Chef Marcus Samuelsson Shows Just How Diverse African-American Cooking Really Is in New Book
"This is a way for us to learn about America's culture and Black culture when it comes to food," he told Travel + Leisure.
Even though chef Marcus Samuelsson has restaurants all over the world, he says diversity in food can be found just outside your door.
"Think about what we've learned through other cultures that are not our own through food — all those mom-and-pops," chef Marcus told Travel + Leisure. "I'm not from an Indian background, but going into an Indian restaurant or Vietnamese restaurant has taught me something about these cultures in this country, and it's the same with African-American culture."
The celebrity chef who's no stranger to merging cultures in his cooking — as his career has quite literally touched all corners of the globe — is showing just how diverse African-American cooking is with his latest book, "The Rise: Black Cooks and the Soul of American Food: A Cookbook."
"This is America's food," he said. "When you look at traditional American food history, the Black experience is completely written out, and this is a way for us to learn about America's culture and Black culture when it comes to food."
The book, out on Oct. 27, highlights recipes by fellow chefs, including Jessica Harris, Nyesha Arrington, and Edouardo Jordan, that go way beyond what a foodie may think of when it comes to traditional soul food.
Of Ethiopian and Swedish descent himself, Samuelson tells T+L, "You can have a Haitian background, an Ethiopian and Swedish background, or a Filipino background, and that's what makes this book so diverse and creates another level of diversity on top of it."
"I link it to American music that very often comes from Black culture, but it's for everyone. Whether it's gospel, hip-hop, rock 'n' roll, or jazz, it's America's music, but very often has a deep root in African-American culture," he added. "We've learned as listeners to enjoy that and it's the same with food."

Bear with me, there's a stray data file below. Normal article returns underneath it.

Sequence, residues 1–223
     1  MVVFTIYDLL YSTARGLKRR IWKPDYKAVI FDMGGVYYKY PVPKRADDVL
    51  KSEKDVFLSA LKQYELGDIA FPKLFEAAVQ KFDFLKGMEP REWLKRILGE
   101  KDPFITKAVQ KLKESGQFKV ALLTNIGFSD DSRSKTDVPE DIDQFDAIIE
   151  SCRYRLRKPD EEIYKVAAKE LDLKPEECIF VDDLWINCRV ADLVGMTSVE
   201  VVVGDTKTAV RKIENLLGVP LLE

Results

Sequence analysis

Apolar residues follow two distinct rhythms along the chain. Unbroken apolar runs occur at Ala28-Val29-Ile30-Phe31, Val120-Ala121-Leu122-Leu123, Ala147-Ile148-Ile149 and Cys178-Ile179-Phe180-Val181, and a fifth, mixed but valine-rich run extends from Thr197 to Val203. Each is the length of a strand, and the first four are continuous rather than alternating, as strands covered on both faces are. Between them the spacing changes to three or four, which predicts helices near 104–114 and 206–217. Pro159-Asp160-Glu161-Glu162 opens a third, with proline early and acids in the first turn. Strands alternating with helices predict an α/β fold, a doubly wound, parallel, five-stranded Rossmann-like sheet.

And even in his personal life, a symbolic representation of America is in his very own home in Harlem, New York, home to his famed Red Rooster restaurant.
"My son is Ethiopian and Swedish, but he's also a Harlemite, and when I speak to my sister, who’s also Black, we speak Swedish — life is full of surprises," he said. "I think America [is] at its best when it's surprising, when it's forward-thinking, and when it opens up doors into [a] culture that you may or may not think about."
The chef, also known for his travel-themed cooking show, No Passport Required, and various appearances on the Food Network throughout the years, recently partnered with seafood brands Genova Premium Tuna and King Oscar and showed off just how to use their products in a James Beard Foundation virtual cooking demo last week.
"Something that is very familiar to one country can be very foreign to another — it's all about trusting the brand," he said of cooking with fish like mackerel and tuna. "I’m sharing a bit of my background: I grew up with mackerel just like King Oscar's, so I’m very familiar with it and use it as a spread, stuffing, next-day meal, or snack."
Speaking of brands that chefs and home cooking amateurs alike can trust, Samuelsson mentioned that companies like King Oscar and Genova Premium Tuna were especially helpful during the height of the COVID-19 pandemic when convenience was key during a trip to the grocery store.
"Especially now during the pandemic, I remember from my own experience, it was scary to go shopping. [You wanted] to be fast when you got to the store, [and] you have brands that translated to trust," he said.
As the pandemic continues to have an effect on not only travel, but also on hotels and restaurants, Samuelson told T+L that he's "worried" for the future of his business, but he's also proud of how the industry has united to help people in need. He specifically partnered with World Central Kitchen to provide meals to frontline workers and converted Red Rooster into a community kitchen for the neighborhood.
"This is the toughest time we've gone through," he said. "For me, I've seen the best in the industry at the worst of times and that's something I take an enormous amount of pride in."